MORGANFIELD, Ky. (WEHT) – Union County has its own tree of life.
A tree sculpture is located behind the Union County Public Library. On the tree is a commemoration of the 200 years since Union County was founded. There is a time capsule buried in front of the tree. Along the roots of the tree are the words community, diversity, industry, education, agriculture, family, faith, river and coal. The years 1811 and 2011 are on the tree.
According to Kim Humphrey, who was in economic development for the county in 2011 and helped to create a plan to celebrate the bicentennial, the sculpture, known as “Tree of Life,” was the idea of the bicentennial committee members who wanted to pay tribute to the foundation of Union County. Humphrey says this foundation includes the concepts of family, faith, diversity, community, education, river, coal, agriculture and industry. Why those particular words were chosen was due to many people getting polled on what they thought represented Union County, including the leadership class that helped with the dedication.
Materials from the Union County Public Library state the tree is also known as the bicentennial tree statue. Materials give the tree’s official measurements as seven-by-six-foot. According to Mayor Randy Greenwell, the tree came about when the Union County Bicentennial Committee and Union County Leadership Class was formed in 2010 to plan events for the county’s 200th birthday in 2011. Greenwell says one of its major tasks was to come up with an appropriate monument to note the occasion and to be visible for generations to come.
Greenwell says the monument tree was dedicated after the Bicentennial and a time capsule was buried at the base of the monument on September 13, 2013, and will be opened on September 13, 2063. However, Humphrey says the time capsule in front of the tree is to be opened on September 15, 2065. Materials from the Union County Public Library confirm the date of September 13, 2063, and also note that prior to the placement of the statue a time capsule was placed in the ground.
Documents say in the time capsule are items that “depicted the different events of the Bicentennial Celebration.” Library materials indicate that the items in the capsule are gathered memorabilia from every Union County business, as well as included a piece of coal, an automotive part, a paper spiral core and a log sliver from a smokehouse constructed in 1840.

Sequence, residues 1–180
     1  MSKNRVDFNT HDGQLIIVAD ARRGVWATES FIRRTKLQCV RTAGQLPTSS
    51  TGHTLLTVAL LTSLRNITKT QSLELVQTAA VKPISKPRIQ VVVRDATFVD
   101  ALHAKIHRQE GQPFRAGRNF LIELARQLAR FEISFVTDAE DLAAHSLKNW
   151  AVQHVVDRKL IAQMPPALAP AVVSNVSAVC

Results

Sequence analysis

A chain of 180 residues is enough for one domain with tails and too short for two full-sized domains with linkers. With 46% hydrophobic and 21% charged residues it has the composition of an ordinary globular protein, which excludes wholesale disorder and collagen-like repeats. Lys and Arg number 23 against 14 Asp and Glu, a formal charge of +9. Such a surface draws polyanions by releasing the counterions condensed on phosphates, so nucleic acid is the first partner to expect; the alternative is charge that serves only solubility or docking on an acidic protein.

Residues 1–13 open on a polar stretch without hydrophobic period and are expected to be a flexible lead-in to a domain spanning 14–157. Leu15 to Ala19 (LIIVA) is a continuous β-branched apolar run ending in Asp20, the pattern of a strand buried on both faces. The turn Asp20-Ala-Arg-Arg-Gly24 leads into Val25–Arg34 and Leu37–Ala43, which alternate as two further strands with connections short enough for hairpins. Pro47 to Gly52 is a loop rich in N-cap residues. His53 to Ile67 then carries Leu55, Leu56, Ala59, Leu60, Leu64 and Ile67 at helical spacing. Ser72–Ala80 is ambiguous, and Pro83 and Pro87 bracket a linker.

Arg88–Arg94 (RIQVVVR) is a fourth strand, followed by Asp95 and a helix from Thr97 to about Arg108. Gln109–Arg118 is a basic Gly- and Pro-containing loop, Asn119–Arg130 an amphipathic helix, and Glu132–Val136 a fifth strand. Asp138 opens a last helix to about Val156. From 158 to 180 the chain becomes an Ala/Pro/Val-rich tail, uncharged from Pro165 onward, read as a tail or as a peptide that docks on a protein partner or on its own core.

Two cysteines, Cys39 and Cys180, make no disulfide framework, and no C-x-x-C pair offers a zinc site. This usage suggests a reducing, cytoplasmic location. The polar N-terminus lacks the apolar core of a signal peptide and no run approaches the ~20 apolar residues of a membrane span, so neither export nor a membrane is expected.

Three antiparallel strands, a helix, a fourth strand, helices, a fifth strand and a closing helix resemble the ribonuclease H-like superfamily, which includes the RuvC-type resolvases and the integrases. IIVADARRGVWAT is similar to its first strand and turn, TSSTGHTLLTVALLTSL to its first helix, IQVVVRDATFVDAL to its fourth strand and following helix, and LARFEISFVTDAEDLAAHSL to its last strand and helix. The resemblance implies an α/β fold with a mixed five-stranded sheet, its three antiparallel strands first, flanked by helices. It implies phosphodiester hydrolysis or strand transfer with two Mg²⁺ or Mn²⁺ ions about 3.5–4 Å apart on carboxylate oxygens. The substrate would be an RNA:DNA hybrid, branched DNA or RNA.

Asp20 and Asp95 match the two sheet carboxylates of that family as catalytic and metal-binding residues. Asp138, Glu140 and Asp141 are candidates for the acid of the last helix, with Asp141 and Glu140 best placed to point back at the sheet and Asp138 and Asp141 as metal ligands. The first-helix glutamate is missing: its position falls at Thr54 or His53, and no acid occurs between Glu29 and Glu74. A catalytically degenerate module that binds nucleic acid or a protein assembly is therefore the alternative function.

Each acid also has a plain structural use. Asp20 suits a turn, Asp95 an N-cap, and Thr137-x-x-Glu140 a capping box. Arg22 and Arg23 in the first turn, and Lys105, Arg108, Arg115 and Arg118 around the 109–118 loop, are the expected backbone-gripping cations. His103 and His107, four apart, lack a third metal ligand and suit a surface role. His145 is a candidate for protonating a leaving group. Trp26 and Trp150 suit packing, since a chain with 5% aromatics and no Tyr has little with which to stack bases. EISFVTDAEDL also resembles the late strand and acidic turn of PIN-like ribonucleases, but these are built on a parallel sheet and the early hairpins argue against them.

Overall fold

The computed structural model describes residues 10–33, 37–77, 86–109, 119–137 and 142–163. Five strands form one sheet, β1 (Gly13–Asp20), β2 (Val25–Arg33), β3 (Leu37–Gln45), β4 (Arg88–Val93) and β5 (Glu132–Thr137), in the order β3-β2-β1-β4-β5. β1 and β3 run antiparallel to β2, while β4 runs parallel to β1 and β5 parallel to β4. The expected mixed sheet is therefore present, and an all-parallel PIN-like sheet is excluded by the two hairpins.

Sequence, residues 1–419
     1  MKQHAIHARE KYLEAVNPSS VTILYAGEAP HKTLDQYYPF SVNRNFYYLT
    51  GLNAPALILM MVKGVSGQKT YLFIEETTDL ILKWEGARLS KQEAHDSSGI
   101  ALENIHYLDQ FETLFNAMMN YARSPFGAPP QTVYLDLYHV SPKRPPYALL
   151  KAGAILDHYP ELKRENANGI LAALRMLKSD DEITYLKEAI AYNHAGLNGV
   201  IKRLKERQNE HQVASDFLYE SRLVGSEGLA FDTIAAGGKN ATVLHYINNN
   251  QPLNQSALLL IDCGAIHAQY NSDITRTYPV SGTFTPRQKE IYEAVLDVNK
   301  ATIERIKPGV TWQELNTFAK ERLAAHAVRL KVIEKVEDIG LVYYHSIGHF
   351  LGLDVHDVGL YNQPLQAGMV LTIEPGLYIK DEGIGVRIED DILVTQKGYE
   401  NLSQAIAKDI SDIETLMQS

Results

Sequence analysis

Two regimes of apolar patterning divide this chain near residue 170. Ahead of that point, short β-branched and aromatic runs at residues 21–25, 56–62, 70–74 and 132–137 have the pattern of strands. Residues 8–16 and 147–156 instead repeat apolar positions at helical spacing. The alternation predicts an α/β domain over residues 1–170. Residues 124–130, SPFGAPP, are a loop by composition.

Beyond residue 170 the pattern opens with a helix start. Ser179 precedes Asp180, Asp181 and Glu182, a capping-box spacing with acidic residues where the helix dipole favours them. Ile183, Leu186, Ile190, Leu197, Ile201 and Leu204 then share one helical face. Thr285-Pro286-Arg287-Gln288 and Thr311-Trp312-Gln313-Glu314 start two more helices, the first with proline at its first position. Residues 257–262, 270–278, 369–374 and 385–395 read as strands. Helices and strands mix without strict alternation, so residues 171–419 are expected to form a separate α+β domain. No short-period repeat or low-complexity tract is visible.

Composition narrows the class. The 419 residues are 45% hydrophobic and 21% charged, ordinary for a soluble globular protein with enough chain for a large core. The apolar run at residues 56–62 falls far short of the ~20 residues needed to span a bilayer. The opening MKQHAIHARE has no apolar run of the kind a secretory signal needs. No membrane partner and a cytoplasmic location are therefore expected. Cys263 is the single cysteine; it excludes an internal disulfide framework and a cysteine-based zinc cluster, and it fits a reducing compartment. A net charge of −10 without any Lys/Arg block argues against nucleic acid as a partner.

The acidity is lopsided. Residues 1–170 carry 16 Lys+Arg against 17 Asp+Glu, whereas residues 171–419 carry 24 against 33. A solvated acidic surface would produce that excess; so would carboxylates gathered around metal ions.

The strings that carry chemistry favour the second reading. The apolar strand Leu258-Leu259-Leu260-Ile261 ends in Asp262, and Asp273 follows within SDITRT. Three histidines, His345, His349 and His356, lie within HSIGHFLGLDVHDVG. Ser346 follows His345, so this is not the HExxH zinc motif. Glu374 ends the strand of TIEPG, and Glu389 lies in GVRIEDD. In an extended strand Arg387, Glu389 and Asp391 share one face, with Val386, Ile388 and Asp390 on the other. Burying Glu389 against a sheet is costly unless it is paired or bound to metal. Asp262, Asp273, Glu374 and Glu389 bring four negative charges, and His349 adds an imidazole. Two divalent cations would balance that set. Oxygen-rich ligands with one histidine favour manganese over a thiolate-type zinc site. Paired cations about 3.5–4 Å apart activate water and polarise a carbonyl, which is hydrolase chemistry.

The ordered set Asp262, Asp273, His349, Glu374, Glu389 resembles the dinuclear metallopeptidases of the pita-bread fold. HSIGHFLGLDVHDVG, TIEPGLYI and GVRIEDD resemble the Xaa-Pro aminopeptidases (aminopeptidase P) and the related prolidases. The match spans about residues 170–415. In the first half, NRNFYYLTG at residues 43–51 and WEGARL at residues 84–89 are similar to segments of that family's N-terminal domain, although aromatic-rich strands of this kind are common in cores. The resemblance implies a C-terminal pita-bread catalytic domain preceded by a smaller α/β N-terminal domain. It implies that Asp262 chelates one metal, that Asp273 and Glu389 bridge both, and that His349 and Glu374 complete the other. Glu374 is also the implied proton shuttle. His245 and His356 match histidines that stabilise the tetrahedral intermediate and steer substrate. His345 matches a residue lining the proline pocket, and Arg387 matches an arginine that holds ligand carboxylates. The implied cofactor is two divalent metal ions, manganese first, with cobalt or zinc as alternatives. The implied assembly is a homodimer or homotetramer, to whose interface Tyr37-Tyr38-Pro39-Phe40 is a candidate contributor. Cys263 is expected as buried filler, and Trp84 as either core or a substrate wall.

Humphrey says these words form the roots of this tree, which is made from a concrete compound. An artist from Bowling Green, Kentucky, was commissioned to create the piece. Library documents did not name who the artist was. Humphrey explains that it took time to choose the design, and it took the longest time when it came to working with the artist. The tree was made in a couple of months.
Humphrey says being able to create a public art piece that showcases the qualities that the county holds dear is the reason officials wanted to create a tree instead of carving out the words on a real tree. The committee also created a tree garden at the back of the parking lot that hosts ten live trees in memory or honor of families.
Humphrey says, “The logo on the tree was also a community effort in creating a design that reinforced the character of Union County. Also, there were over 20 events hosted during the year, from family farm tours to the Lincoln/Douglas debate. We also published a coffee table book to commemorate the year. This project was a huge effort for a small county, and it could not have happened without the community volunteer leaders, local historians and many others who opened their homes or participated in activities.”
The tree is located around 102-110 South Court Street in Morganfield.
This is the eleventh of a weekly twenty-one-part series that will help educate about some roadside attractions in the Eyewitness News viewing area. Check in every Sunday at 8 a.m. for the next one! Last week’s installment can be found here.